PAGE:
The role of natural gas in national LTSs – in the context of the shift in energy policy due to the Russian war on Ukraine
Natural gas has many uses in the EU right now, most prominently as a heating fuel and in industry (both as feedstock and energy carrier) and in power generation. It has also been a focus of EU policy-making in recent months, with the policy package in December and the special treatment in the sustainable finance taxonomy.
Most recently, Europe’s dependency on gas imports from Russia has become a central theme in the context of the war in Ukraine – which has radically changed the debate in the EU, highlighting the need for greater independence from energy imports (and diversifying sources) and advancing consideration of ways to reduce gas use via efficiency and substitution with other sources of energy.
This workshop discussed the shift in the debate, what it means for pathways towards climate neutrality, and also how it affects how natural gas is being considered in national long-term strategies in this context. To this end, the workshop included input from Raphael Hanoteaux (E3G) that provided background on the current situation more generally. The presentation highlighted that Europe could cut its gas consumption by two-thirds by 2025 by focusing on clean energy deployment and energy efficiency measures. It highlighted that gas should not be treated as transition fuel, if EU is to reach its commitments under the Paris Agreement.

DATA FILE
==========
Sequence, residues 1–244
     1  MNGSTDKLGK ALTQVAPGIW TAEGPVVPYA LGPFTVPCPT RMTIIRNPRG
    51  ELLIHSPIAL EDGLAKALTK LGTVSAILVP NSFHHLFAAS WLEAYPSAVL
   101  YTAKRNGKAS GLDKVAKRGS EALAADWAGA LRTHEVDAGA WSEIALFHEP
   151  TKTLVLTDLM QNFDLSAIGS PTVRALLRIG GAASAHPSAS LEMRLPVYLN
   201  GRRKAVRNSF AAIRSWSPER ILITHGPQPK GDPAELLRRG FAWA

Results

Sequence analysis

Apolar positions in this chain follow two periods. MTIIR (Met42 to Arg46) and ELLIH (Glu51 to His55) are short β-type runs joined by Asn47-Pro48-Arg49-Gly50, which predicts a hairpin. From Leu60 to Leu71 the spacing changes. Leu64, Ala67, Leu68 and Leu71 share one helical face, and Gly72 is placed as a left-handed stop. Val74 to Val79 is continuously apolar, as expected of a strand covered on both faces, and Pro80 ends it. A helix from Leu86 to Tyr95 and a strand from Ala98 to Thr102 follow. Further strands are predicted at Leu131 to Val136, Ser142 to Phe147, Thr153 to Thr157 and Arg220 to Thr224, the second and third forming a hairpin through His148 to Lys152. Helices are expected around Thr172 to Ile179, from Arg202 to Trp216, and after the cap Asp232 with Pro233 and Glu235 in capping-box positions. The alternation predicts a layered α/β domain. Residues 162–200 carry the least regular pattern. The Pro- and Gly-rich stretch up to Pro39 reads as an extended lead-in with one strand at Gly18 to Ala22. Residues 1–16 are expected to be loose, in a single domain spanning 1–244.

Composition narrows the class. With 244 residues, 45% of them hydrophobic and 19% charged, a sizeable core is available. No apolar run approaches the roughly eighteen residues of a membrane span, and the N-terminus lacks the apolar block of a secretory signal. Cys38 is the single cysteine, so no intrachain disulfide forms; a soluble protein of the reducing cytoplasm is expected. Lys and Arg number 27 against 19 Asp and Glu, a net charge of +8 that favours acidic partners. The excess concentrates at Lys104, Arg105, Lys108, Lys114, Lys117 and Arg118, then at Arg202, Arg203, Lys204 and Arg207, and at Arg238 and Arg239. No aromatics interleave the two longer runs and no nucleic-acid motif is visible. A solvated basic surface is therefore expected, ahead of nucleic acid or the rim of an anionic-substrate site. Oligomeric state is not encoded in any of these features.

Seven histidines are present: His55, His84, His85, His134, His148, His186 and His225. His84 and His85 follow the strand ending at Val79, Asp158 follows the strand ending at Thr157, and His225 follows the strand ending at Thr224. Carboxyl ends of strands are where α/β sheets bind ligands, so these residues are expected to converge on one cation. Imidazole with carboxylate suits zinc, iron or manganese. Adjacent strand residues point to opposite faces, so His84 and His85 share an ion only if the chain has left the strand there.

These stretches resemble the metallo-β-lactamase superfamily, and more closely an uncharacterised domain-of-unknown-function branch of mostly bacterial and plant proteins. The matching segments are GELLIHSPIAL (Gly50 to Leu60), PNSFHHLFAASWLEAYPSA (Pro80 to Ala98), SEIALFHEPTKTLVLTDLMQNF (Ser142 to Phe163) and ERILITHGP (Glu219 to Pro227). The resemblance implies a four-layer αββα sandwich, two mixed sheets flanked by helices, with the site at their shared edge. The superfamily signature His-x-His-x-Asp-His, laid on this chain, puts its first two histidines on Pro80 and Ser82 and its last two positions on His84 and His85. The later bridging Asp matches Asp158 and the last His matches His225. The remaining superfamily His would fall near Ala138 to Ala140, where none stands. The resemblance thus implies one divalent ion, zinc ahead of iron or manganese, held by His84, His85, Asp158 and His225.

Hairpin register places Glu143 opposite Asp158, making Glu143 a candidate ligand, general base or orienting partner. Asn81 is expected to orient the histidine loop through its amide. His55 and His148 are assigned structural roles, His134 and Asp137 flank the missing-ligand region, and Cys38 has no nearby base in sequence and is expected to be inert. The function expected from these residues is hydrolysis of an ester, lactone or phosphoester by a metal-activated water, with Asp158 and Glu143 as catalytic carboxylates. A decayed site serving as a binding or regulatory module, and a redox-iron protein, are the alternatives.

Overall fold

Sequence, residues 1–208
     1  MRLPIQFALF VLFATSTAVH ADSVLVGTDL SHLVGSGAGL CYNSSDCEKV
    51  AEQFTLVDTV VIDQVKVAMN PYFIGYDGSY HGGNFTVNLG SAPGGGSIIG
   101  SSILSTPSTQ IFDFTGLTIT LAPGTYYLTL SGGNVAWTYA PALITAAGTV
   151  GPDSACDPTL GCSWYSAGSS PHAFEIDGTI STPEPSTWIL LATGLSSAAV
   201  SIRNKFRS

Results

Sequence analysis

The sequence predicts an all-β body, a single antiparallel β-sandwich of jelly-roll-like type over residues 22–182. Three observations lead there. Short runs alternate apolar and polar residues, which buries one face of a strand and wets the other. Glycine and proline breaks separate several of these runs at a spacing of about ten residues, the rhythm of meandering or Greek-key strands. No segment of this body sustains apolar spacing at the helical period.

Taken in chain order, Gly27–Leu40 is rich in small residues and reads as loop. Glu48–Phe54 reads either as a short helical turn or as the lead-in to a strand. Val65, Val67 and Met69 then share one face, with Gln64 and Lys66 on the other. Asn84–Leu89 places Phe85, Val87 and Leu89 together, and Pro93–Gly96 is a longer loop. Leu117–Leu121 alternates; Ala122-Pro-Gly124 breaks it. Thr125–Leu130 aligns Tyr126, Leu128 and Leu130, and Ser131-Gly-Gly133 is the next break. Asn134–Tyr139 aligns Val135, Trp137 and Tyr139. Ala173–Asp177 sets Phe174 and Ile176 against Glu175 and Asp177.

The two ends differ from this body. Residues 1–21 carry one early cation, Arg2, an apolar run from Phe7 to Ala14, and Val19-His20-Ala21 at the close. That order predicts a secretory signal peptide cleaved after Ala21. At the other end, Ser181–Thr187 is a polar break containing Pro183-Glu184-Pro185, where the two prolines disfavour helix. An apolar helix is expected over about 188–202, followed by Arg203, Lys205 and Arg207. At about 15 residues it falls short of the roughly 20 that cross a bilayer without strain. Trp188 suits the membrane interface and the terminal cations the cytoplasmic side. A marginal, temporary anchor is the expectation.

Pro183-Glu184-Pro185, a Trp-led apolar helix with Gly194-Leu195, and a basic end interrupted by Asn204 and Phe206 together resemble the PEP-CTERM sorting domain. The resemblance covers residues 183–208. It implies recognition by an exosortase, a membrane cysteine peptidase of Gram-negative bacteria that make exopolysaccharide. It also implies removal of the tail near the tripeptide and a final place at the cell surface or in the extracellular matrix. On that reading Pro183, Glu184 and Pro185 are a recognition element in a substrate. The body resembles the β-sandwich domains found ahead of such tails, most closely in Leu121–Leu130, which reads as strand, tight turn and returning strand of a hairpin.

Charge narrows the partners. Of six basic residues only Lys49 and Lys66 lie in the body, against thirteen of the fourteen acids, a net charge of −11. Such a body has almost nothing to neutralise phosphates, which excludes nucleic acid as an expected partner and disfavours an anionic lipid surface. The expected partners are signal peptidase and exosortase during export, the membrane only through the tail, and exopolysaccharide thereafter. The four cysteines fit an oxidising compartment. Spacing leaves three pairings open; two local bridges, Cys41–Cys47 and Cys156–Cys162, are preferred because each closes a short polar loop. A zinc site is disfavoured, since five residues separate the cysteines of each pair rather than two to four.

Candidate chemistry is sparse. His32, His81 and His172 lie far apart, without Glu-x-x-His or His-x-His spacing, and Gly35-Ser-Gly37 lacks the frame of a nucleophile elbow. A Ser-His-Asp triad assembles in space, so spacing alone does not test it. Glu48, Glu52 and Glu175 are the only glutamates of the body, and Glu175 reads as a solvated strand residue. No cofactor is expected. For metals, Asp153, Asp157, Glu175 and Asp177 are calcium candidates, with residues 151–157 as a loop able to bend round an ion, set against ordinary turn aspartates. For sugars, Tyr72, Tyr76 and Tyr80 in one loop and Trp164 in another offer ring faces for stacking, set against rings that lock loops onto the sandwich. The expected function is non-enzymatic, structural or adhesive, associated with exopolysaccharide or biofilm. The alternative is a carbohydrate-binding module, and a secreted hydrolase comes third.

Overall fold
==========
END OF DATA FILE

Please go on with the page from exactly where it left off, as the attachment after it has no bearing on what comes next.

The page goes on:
The workshop also featured a presentation by Kamil Laskowski (WiseEuropa) that presented insights from a comparative analysis of the use of gas (and potential alternatives) in the long-term strategies currently available. The analysis highlighted that at least 10 EU Member States might undergo a temporary switch to natural gas at the expense of other fossil fuels or nuclear power in any sector of the energy system. In the longer term, every EU country should enter the natural gas phase-down path - except for the 6 states which either did not provide information sufficient to deduce the natural gas consumption trend, or whose current share of natural gas in gross inland energy consumption is already negligible. The natural gas phase-out, not including essential and negligible natural gas residues in hard-to-abate sectors, is expected to be achieved in 9 EU Member States. Overall, the natural gas consumption is to be significantly reduced in the EU by 2050, but exact estimates cannot be provided since the majority of LTSs does not include numerical projections of natural gas consumption.
The workshop allowed time for discussion on the implications of the changes in energy policy on national long-term strategies with inputs by the representatives of Poland, Slovenia, Romania, France, Czech Republic, Portugal, Latvia and Germany.